Praise for the early work swiftly followed—Graham Greene and Evelyn Waugh wrote glowing reviews—but it was the publication of her sixth novel, in 1961, which drew for the first time on her Scottish past, that brought her real attention. “The Prime of Miss Jean Brodie,” first published in this magazine, is the story of a middle-aged teacher running a classroom of impressionable teen-age girls in prewar Edinburgh that, in its casting of its inhabitants’ crisp diction and sense of social propriety, articulated a city near identical to the one that existed at the time, and, to a large degree, today. (The film adaptation, too, which starred Maggie Smith and came out shortly after, seemed to sum up an era and a set of social types still recognizable in the areas of Bruntsfield and Morningside where Spark spent her early life.) The book was an instant best-seller, and has been in print ever since. No wonder Spark referred to it as her “milch cow.”

None of the other work that followed, though successful and widely published, was to capture the same readership. As Alan Taylor, Spark’s longtime friend, put it, Jean Brodie “reaches out to readers” in a way many of the other novels don’t, though each are attractive propositions—funny and dialogue-rich, jumping with incident and a merry sense of literary self-consciousness. It is not uncommon for Spark to rummage around within the contents of the novel she is writing and change it as she goes along, making conscious the artifice of her fiction. “Words are ideas” she famously said, signalling the modernist sensibility that is at the heart of all her writing, and reminding us that sentences and paragraphs have a charge that might affect us in a way that the pleasures of a traditional story, with its characters feeling things on our behalf, never will.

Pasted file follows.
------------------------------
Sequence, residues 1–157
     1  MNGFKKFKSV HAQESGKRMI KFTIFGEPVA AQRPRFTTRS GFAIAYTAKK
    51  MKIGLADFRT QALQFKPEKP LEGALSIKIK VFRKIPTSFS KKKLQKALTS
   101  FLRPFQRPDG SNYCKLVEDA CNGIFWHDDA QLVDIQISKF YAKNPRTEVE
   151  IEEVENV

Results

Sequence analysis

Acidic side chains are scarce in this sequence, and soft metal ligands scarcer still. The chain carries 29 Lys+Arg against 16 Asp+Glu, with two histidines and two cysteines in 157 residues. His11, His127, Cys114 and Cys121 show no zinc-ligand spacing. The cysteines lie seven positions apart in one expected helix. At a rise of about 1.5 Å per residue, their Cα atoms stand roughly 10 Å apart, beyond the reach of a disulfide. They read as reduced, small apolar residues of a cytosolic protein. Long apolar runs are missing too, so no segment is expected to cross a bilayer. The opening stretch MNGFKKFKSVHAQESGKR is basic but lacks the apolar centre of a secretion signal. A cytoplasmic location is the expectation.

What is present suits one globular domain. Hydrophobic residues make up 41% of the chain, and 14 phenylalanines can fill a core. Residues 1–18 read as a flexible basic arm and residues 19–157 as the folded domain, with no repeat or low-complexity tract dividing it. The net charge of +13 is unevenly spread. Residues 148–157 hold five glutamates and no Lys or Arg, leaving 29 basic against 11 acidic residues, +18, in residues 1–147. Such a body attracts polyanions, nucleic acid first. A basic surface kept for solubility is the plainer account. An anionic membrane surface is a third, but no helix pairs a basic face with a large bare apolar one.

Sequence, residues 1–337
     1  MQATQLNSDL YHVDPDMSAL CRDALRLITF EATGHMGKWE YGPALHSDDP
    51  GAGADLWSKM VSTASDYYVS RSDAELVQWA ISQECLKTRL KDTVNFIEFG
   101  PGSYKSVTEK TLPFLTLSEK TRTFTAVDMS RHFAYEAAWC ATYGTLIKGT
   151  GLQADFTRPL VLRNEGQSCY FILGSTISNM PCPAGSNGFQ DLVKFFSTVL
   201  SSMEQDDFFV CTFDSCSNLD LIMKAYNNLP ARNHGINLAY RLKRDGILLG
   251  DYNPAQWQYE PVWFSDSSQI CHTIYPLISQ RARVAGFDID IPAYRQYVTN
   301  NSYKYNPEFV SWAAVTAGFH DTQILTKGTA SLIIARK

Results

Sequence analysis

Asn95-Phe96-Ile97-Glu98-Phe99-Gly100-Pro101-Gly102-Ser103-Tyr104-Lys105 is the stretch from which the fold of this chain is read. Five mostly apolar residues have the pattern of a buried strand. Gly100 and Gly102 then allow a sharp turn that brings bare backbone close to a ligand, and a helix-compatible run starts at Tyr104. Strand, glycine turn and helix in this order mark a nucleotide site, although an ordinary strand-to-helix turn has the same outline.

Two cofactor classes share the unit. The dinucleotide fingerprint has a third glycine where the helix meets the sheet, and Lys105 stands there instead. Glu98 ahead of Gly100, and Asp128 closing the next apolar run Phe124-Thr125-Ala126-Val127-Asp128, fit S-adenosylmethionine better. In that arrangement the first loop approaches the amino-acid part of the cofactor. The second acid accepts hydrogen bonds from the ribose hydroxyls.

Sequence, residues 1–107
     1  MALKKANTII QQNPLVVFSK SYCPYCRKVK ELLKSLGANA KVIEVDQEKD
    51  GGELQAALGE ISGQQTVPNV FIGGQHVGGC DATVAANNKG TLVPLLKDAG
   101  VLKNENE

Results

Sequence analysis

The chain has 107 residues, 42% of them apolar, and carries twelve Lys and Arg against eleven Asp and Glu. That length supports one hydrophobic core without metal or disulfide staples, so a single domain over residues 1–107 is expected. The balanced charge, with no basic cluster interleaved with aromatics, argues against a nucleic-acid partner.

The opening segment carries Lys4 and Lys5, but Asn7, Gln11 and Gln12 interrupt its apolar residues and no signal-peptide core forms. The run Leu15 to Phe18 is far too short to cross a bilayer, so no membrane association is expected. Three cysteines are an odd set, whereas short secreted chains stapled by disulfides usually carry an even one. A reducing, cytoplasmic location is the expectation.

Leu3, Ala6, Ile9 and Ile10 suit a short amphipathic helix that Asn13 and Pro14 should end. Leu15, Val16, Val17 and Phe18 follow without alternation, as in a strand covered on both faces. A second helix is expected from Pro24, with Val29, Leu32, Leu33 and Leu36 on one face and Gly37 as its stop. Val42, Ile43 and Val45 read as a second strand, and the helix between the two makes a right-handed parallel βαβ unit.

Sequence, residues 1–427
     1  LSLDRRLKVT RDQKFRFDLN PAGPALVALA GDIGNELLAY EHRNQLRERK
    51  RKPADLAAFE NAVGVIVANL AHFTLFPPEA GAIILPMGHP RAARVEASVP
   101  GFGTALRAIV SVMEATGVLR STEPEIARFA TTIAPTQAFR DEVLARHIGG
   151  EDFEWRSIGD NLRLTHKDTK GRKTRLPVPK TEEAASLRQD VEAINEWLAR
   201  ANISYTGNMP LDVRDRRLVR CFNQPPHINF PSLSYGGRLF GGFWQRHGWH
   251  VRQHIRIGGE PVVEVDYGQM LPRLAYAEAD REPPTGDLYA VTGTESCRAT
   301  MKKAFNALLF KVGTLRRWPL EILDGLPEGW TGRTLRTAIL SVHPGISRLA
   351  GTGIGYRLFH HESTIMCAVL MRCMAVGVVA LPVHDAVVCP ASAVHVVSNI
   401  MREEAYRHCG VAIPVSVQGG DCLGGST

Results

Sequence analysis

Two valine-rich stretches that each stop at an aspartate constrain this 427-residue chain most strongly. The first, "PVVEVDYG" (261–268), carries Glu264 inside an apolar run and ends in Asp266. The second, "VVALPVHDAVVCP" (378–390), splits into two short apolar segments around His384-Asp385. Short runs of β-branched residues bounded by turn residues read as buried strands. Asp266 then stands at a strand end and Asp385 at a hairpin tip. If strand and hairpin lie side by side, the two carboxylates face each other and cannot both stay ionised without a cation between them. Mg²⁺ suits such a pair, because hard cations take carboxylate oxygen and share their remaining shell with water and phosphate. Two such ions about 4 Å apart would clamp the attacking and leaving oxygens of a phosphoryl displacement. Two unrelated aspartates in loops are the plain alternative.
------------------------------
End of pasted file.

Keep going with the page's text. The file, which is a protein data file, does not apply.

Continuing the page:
Perhaps it is that particular literary quality, her poet’s rigorous understanding of what another modernist, D. H. Lawrence, called “the jump of words along the line”—when set against the easy-to-read “Miss Jean Brodie,” with its mass-market appeal—that has confused her Scottish and British readers for so long. Was she serious, or in the blockbuster business? It’s a perfect example of Scottish antisyzygy, a mind-set that holds within it two completely opposite ways of being, and despite running its way as a theme through Scottish letters—from Hogg’s “Confessions of a Justified Sinner” to Stevenson’s “Jekyll and Hyde”—it is not a feature that a country of Reformation and Enlightenment cares much to acknowledge. Another reason, perhaps, for the girl from Bruntsfield’s work being somewhat ignored.

Now, though, Muriel Spark is Edinburgh’s most famous daughter. The First Minister for Scotland, Nicola Sturgeon, has been talking about her at public events and reading from her books; Alan Taylor has overseen a new edition of the entire collection of novels, each appearing in chronological order month by month; and exhibitions and shows about her life continue to draw crowds. She is everywhere. It’s the nature of centenaries, of course, that a writer may get a second chance, making friends with readers whom she didn’t attract the first time around. And it’s not as if Spark ever spoke out against her past. As far as she was concerned, she was never anything but “Edinburgh.”

But, still, everything about her defies summary. With books that range in style from comedy and romance and drama to satire and postmodern mashup and critique, she can’t be pigeonholed. In early photos, she is vivacious and moody, her auburn hair teased up and sprayed into an elaborate chignon, or, later, wild and woolly, as though she’s raked a brush through it just the once. A slash of dark lipstick, a ring or pair of earrings—and there she is. But who, exactly? Jew or Catholic? Crowd-pleaser or hermit? Where does she belong? For readers who like their writers straightforward, that they may more easily describe their art, Spark is a challenge: a split self of a woman who spells, like all Dr. Jekylls and Mr. Hydes, nothing but trouble. She married at nineteen, moved to Africa, then left her husband and child there. She wrote carefully and caringly to her son, Robin, but also disinherited him. She created novels that are laugh-out-loud funny, while turning the mind to the gravest, deepest concerns of human life: Why are we here? What is our purpose? What do we know?

As the Edinburgh audiences continue to clap their hands as this year passes into the next, are they clapping for what Spark, in her work, has shown? About the impossibility of belonging? Or is it simply that her leaving, while not quite understood, is by now forgiven, even forgotten? Better late than never, perhaps. One could see it as clapping as a way of making up, at last, for an error, clapping as a kind of relief.

ViaNewYorker